18. Steps forImprovement Changes in practice that will get us the most positive outcomes for the least effort • Stop trusting what has not worked • Create Shared Expectations • Promote consistent and effective technical management • Develop social contracts and student ownership of rules • Effectively working with the most challenging students • Recognize connectedness – (i.e., to instructional and assessment choices) • Assess Process/Investment – systematically and deliberately

  19. LHS SCAI Teacher Rating by Dimension

  20. Teacher RatingsRange 3.25-3.55 • Community Relations (Dimension 8) 3.55 • Student Interactions (Dimension 3) 3.51 • Physical Environment (Dimension 1) 3.50 • Leadership (Dimension 4) 3.46 • Overall 3.44 • Faculty Relations (Dimension 2) 3.43 • Learning/Assessment (Dimension 6) 3.42 • Attitude/Culture (Dimension 7) 3.41 • Management/Discipline (Dimension 5) 3.25

  21. LHS SCAI Student Rating by Dimension

  22. Student RatingsRange 3.20-3.47 • Community Relations (Dimension 8) 3.47 • Management/Discipline (Dimension 5) 3.31 • Overall 3.31 • Physical Environment (Dimension 1) 3.30 • Student Interactions (Dimension 3) 3.28 • Learning/Assessment (Dimension 6) 3.27 • Attitude/Culture (Dimension 7) 3.20

  23. School Climate: The Eight Dimensions used in the ASSC SCAI • Physical Appearance • Faculty Relations • Student Interactions • Leadership and Decision-Making • Discipline Environment • Learning and Assessment • Attitude and Culture • Community Relations

  24. LHS SCAI Teacher Rating by Dimension

  25. Dimension 5-Discipline Environment Explanation: Examines the relationship between the management and discipline approaches used within the school and the climate that is created as a result. This dimension includes the degree to which management strategies promote higher levels of responsibility and motivation. It also examines teacher-student interactions as a source of management and motivation. Question Topics: • Consistency of Discipline Policy 2.78 • Student-Generated Ideas for Rules 2.91 • Clear Expectation of Discipline Policy 2.93 • Promotion of Student Self-Direction 3.17 • Promotion of Community in Class 3.19 • Teacher-Student Supportive Interaction 3.36 • Discipline for Functionality 3.40 • Classroom Climate 3.50 • Effective Discipline 3.61 • Focus on Problematic Behavior 3.63

  26. Teacher and Learning Frameworks

  27. Standard 2: Classroom Environment a. Creating an Environment of Respect and Rapport 1. Teacher Interaction with Students 2. Student Interactions with One Another 3. Classroom Climate b. Establishing a Culture for Learning 1. Importance of the Content 2. Expectations for Learning and Achievement 3. Student Ownership of their Work 4. Physical Environment c. Managing Classroom Procedures 1. Management of Routines, Procedures, and Transitions 2. Management of Materials and Supplies 3. Performance of Non-Instructional Duties 4. Management of Parent Leaders, other Volunteers and Paraprofessionals d. Managing Student Behavior 1. Expectations for Behavior 2. Monitoring and Responding to Student Behavior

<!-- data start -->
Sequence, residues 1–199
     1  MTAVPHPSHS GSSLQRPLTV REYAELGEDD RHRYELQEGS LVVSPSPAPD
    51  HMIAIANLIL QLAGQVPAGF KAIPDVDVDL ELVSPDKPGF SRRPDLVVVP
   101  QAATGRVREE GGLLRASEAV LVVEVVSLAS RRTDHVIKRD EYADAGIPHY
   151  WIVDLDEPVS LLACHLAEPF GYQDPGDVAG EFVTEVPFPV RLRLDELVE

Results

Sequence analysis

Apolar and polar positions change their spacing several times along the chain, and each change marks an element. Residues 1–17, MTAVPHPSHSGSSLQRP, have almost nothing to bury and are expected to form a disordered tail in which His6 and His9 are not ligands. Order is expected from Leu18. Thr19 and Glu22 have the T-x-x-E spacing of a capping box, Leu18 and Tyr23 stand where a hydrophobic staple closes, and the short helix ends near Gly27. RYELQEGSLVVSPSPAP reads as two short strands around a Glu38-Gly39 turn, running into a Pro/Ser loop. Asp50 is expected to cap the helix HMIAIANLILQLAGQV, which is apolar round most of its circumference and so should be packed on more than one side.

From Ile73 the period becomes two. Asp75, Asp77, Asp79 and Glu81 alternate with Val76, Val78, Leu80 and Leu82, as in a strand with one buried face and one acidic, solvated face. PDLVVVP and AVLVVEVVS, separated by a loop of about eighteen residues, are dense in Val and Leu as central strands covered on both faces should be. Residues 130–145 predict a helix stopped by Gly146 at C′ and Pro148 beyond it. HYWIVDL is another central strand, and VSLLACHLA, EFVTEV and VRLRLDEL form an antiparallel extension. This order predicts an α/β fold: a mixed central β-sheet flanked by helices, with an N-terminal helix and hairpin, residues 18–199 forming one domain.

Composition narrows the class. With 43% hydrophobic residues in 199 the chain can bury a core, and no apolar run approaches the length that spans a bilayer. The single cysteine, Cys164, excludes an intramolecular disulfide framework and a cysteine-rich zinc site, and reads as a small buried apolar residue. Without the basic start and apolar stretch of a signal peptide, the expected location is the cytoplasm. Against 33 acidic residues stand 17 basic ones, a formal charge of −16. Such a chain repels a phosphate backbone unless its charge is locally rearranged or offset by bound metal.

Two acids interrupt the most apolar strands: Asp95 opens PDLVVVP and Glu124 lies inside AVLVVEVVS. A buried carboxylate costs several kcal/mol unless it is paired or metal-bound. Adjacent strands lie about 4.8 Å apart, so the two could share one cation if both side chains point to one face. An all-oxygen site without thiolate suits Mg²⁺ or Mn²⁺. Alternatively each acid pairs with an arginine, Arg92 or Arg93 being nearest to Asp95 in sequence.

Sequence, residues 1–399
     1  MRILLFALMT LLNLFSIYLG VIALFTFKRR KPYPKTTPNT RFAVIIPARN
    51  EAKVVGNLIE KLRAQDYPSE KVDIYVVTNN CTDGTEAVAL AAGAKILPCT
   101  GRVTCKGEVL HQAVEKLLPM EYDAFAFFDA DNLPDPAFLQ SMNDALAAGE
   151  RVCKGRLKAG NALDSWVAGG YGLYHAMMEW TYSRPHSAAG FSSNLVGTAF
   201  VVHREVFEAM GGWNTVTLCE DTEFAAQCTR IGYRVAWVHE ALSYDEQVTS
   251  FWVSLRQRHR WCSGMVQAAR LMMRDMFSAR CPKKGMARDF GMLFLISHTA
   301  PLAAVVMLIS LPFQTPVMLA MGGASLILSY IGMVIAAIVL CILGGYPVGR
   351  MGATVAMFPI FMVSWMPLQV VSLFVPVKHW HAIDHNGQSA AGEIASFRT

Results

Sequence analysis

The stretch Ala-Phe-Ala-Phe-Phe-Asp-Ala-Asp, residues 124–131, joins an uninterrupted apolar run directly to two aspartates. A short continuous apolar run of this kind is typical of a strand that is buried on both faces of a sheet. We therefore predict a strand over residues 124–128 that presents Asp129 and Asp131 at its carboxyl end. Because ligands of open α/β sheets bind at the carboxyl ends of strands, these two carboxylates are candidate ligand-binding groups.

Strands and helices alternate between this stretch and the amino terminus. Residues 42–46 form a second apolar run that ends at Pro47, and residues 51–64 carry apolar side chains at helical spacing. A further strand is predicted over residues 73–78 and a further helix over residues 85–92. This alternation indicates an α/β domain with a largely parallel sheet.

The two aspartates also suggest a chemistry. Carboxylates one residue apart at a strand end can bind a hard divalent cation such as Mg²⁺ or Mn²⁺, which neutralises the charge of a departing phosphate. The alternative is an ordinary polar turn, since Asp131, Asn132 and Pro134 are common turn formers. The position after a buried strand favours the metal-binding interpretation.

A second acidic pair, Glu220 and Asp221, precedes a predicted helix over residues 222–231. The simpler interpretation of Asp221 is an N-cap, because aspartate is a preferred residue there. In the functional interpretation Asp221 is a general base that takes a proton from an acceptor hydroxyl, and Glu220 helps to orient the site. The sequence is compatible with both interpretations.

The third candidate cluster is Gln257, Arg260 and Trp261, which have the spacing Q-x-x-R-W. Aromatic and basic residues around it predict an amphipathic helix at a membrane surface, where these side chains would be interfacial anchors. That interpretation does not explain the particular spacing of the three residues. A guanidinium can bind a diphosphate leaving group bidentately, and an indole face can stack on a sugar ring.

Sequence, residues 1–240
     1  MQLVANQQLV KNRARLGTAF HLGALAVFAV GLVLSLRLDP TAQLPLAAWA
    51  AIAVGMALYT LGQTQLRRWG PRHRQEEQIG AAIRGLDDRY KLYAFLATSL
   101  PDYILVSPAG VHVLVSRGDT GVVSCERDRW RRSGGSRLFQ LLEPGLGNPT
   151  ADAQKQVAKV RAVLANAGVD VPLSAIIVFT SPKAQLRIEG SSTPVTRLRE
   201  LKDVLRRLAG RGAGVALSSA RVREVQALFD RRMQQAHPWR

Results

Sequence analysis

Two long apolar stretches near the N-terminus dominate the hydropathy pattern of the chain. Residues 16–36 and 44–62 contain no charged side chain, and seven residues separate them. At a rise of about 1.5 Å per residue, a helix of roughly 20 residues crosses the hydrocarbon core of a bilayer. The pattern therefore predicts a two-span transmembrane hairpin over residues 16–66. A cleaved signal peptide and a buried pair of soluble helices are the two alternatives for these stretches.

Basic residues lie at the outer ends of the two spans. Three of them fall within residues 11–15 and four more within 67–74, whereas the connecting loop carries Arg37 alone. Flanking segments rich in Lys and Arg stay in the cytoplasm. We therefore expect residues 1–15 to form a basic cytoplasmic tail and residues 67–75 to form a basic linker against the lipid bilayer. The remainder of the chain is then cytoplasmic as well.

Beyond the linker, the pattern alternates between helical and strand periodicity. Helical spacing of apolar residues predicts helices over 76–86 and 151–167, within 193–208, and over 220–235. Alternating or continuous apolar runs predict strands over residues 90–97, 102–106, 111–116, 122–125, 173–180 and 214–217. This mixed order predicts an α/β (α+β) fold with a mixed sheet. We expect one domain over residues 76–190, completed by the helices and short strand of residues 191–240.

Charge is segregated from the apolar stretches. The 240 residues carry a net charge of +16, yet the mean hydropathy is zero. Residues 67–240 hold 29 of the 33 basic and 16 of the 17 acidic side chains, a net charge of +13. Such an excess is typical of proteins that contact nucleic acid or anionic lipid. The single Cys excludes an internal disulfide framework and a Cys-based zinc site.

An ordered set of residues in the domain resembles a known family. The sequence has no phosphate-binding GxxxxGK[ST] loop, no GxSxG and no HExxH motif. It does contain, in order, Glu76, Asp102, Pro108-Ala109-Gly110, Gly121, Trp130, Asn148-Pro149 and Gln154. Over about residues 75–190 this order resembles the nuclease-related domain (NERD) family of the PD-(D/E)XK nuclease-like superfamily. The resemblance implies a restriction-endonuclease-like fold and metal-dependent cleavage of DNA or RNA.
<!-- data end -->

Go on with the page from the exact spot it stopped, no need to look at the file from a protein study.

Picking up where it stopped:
28. Teacher and Learning Frameworks-Jigsaw Jigsaw Directions • Divide teachers into groups of 5. (Summary Group) • Teachers are assigned different sections to read in Standard 2: • Creating an Environment of Respect and Rapport (2a1 & 2a3) • Establishing a Culture for Learning (2b2) • Managing Classroom Procedures (2c1) • Managing Student Behavior (2d2) • Expert Groups (Teacher and Learning Frameworks-Danielson) • 2a1 Teacher Interaction with Students (Martinez) Room 154 • 2a3 Classroom Climate (Lara) Room 155 • 2b2 Expectations for Learning Achievement (Rosas) Room 159 • 2c1 Management of Routines, Procedures, and Transitions (Nava) Room 157 • 2d2 Monitoring and Responding to Student Behavior (Robinson) Room 152 • Summary Group Meeting • Work with your summary groups to complete graphic organizer and develop clear expectations for our staff

  29. Welcome Back to Summary Groups Work with your Summary Groups to complete the “Matrix for Level 3 Schools with Style 1 Teachers”graphic organizer and create clear expectations for all teachers at Lincoln High School.

  30. Next Steps • Self Reflection • Conversations around data and strategies • Professional Development tailored around your suggestion and needs